If I could wave a magic wand and change one habit amongst people in positions of responsibility, I wouldn’t hesitate in choosing.
I would consign to history one of the most common and frustrating patterns of habitual behaviour that drains the energy of leaders, costs money and stands in the way of business and personal development.
With a deft flick of the magic wand, I would remove the avoidance and poor execution of ‘difficult’ conversations.
‘What’s in the bag?’
This is my metaphor for all the things you know you ought to be dealing with, but you aren’t.
Each of us has had situations we know require a ‘difficult’ conversation.
The criteria used to classify a conversation as ‘difficult’ is unique to each of us. It can be about an employee’s performance or attitude, delivering bad news to a customer or a supplier, or even as simple as asking the Office Manager to order new toner for the photocopier.
Even experienced business leaders procrastinate, defer and avoid having these conversations. Procrastination overcome; they still ‘choke’ in the conversation and don’t get the outcome they wanted.
Know your enemy to prevent anxiety from getting in the way of achieving the outcomes you want.
At Orange, I had to make four of my management team redundant. My HR manager prepared a script, made me rehearse it and coached me through the process. I knew what to say and, perhaps more importantly, what not to say.
All useful, but none of this preparation prevented the sleepless nights I had or the feeling of panic in my stomach right up until the moment the handle of the meeting room door turned, and the first manager walked in.
All ‘difficult’ conversations have one thing in common.
They involve the potential for rejection or conflict. We are sensitive to situations where we risk upsetting other people or having our status challenged. Sometimes, the very thought of having these conversations creates feelings of anxiety, as our fight/flight responses activate at the perceived risk to our survival.
These feelings often result in procrastination as a ‘go to’ response. Whilst offering some temporary relief, the outcome is two-fold damage. It extends the period of your anxiety, and it means you will not attain your desired results (or at least gain the data you need to plan your next move).
Conversations become more complicated when you cannot predict their path.
In the heat of difficult conversations, unpredicted responses (aggressive or passive) can cause us to ‘choke’. The resulting activation of the fight/flight response is that as much available oxygen as possible is diverted to the muscles – at the expense of the oxygen used to fuel cognitive reasoning.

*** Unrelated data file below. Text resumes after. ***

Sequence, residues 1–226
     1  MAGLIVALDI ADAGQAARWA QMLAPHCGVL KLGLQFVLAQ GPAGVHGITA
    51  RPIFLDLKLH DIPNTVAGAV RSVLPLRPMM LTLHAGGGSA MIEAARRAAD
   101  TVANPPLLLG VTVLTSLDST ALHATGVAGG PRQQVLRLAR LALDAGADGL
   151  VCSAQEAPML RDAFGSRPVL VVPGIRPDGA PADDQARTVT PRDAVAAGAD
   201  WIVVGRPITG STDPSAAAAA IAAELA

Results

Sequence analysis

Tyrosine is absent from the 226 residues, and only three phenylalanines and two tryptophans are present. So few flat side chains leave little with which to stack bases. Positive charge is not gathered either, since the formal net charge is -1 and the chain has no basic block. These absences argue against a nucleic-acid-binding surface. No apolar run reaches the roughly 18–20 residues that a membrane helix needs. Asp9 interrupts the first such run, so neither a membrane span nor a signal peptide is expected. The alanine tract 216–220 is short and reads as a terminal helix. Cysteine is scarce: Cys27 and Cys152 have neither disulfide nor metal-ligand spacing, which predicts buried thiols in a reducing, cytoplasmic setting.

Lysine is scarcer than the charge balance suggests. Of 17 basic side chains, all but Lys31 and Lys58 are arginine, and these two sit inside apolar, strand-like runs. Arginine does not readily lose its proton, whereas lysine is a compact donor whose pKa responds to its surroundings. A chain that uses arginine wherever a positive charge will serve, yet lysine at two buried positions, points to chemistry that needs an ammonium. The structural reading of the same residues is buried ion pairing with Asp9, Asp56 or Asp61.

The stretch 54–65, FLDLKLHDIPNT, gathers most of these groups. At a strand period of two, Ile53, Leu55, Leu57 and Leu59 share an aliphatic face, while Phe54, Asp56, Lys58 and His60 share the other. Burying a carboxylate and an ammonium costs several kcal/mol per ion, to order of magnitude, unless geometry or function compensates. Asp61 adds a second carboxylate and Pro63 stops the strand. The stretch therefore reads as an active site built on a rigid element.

How many times have you come out of a ‘difficult’ conversation and come up with the perfect response to something said in the meeting, an idea that just wasn’t available to you at the time?
How to manage your conversational state and to take the ‘difficulty’ away.
1: Remove your assumptions.
Many difficult conversations are such because we have built up a story about the perceptions, intentions and likely responses of the other person. This story sets the discussion up before a word is spoken, influencing your state of mind and affecting how you ‘show up’.
Recognising and removing the assumptions you are bringing to the conversation allows you to shift your position to one of curiosity. Instead of trying to get your position across, curiosity permits you to explore the other person’s perspectives.
2: Be clear on outcomes.
A clear outcome should frame any conversation (in a commercial context). What would the situation be like if it were exactly as you wanted it to be? This shift in thinking away from the current position to a planned future state can shift the dynamic of the meeting and reduce the level of perceived difficulty.
Ultimately, there are unknown variables that affect the absolute outcome of most commercial conversations. It’s essential to recognise that results are not always mutually beneficial in business. Not every prospect will choose to buy, not every customer will be placated when a problem occurs and not every employee will adjust their behaviour.
As the initiator of the ‘difficult’ conversation, the goal is to provide a clear decision and a meaningful next step.
When you open a conversation with a discussion of desired outcomes, both parties can see where alignment exists and where misalignment needs to be addressed. Perhaps mutual results are more closely aligned than you might be imagining from the position of your own story.
3: You don’t change other people’s minds; they do.
It’s helpful to be clear about your responsibility for influencing or changing the other person’s mind. The reality is that the only person that can change their mind; is the person themself. Your role in a difficult conversation is not to persuade; it is to create a space within which they can consider and perhaps shift their current position. We frame and control this space using questions, alternative perspectives and intense listening.
Being in a position of responsibility demands stepping outside your comfort zone.
You will always be challenged to initiate and participate in conversations that will make you feel uncomfortable.
The paradox is that it is these very conversations that advance the business and advance you personally. They can free up the roadblocks for the company and drive new opportunities for growth and improvement.
More than that, it grows you as an individual. It expands your zone of comfortable operation and makes you more resilient and confident of moving forward.
After the last manager left the room, I remember sitting back in my chair and experiencing a massive surge of adrenalin, relief and wellbeing. Whilst I was sad at what I had to do, I was proud that I’d been able to do it, and I grew in stature that day.